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    The Use of Electrochemical Noise Measurements with Nuclear Waste Tanks

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    Processing of nuclear materials for either military or civilian purposes generates waste products. The nuclear wastes are generally stored in plain carbon or stainless steel underground tanks. Corrosive wastes are inhibited to minimize the corrosion of these tanks and maintain tank structural integrity under normal and off-normal conditions. Storage tanks have fairly static conditions, although processing of the waste in these tanks to more stable forms will produce dynamic conditions, which may lead to localized corrosion. Corrosion monitoring under either condition, therefore, would ensure that inhibitive conditions are maintained.

    A preliminary investigation was conducted to evaluate electrochemical noise measurements for corrosion monitoring of waste tanks. The initial results indicated that current and potential noise correlate to the solution corrosivity. Further development is necessary to differentiate among the various forms of corrosion.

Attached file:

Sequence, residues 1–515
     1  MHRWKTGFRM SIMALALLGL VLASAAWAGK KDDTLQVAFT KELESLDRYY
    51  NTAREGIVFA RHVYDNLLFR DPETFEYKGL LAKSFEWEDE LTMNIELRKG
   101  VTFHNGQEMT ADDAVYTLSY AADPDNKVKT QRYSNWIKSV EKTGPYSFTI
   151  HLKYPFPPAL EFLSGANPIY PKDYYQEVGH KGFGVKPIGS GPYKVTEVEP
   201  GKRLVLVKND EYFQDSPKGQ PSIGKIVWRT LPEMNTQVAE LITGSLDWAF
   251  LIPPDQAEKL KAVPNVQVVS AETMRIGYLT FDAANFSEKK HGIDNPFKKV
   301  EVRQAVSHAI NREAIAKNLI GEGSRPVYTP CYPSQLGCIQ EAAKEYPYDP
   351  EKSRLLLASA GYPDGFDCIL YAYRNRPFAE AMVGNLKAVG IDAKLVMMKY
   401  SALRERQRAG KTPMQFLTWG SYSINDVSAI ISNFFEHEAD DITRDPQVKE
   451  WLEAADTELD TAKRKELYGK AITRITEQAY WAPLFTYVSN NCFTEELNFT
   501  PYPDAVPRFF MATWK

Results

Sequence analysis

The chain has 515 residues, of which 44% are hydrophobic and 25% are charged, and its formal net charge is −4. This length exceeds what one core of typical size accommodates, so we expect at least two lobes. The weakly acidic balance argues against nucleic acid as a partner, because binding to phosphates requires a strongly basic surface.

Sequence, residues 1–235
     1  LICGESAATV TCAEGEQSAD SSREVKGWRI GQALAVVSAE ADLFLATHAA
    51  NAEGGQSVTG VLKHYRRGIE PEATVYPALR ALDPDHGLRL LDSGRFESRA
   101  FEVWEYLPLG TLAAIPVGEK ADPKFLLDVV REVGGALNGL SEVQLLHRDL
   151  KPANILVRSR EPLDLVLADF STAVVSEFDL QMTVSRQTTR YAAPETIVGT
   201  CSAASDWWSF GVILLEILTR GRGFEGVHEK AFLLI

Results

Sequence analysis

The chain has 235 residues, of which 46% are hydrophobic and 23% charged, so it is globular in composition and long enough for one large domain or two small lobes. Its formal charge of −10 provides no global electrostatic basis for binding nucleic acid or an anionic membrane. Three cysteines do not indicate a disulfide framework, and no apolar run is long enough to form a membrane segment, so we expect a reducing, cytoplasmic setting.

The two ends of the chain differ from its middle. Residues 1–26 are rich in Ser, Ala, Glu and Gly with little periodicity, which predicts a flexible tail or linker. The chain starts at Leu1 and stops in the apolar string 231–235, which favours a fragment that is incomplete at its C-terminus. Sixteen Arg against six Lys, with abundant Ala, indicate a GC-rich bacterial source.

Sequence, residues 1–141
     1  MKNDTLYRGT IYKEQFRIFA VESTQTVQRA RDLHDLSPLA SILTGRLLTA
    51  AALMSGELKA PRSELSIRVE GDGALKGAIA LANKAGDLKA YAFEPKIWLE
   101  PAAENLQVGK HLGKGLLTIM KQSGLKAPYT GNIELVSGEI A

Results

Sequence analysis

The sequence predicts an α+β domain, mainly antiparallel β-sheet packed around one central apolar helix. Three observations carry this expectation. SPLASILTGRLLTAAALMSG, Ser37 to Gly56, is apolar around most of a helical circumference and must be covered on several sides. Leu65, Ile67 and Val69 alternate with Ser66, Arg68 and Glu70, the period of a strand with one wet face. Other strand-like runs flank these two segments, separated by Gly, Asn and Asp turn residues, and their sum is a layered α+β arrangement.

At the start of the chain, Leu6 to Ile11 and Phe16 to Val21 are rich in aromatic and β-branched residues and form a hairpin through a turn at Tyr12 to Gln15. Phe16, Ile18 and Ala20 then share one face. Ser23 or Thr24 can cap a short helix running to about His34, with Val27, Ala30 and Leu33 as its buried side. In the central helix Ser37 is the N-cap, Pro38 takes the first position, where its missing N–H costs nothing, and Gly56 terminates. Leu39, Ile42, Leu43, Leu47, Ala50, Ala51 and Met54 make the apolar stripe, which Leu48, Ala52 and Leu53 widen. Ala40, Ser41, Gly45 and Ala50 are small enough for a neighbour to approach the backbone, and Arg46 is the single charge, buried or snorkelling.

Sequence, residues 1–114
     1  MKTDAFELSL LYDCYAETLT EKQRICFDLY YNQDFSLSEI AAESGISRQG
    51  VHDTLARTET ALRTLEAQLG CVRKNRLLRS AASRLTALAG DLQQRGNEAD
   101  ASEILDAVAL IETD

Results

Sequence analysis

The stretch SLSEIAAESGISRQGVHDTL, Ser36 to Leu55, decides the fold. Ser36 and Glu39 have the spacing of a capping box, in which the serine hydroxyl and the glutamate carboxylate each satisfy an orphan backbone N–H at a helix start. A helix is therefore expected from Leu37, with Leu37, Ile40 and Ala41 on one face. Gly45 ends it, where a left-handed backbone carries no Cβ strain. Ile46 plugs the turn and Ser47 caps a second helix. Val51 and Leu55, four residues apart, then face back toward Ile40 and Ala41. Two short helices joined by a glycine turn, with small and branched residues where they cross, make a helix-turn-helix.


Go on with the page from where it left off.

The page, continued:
Electrochemical noise measurements were made in the laboratory with plain carbon steel electrodes under simulated conditions for storage and processing of nuclear waste. Coupons were also exposed in the laboratory test vessels. The primary aggressive species of the waste was the nitrate anion, which induces pitting. The simulated waste was initially inhibited with sodium nitrite and sodium hydroxide. The nitrate concentration was increased over the test period to increase the corrosivity of the solution. The temperature was held constant at 40°C.

    The current and potential noise showed an increasing trend with nitrate concentrations. Under inhibited storage conditions, the noise data were fairly stable. Inspection of the electrodes revealed little general corrosion with minimal pitting. The coupons, however, had a significant amount of pitting. This difference was attributed to the microstructure of the electrodes and coupons.


    electrochemical noise measurements, pitting, carbon steel, microstructure, nuclear waste tanks, nitrate, inhibitors

    Author Information:

    Mickalonis, JI
    Senior engineer, Westinghouse Savannah River Company, Aiken, SC

    Jacko, RJ
    Westinghouse Electric Company STC, Pittsburgh, PA

    Quirk, GP
    CAPCIS March Ltd., Manchester,

    Eden, DA
    CAPCIS March Ltd., Manchester,

    Committee/Subcommittee: G01.11

    DOI: 10.1520/STP37961S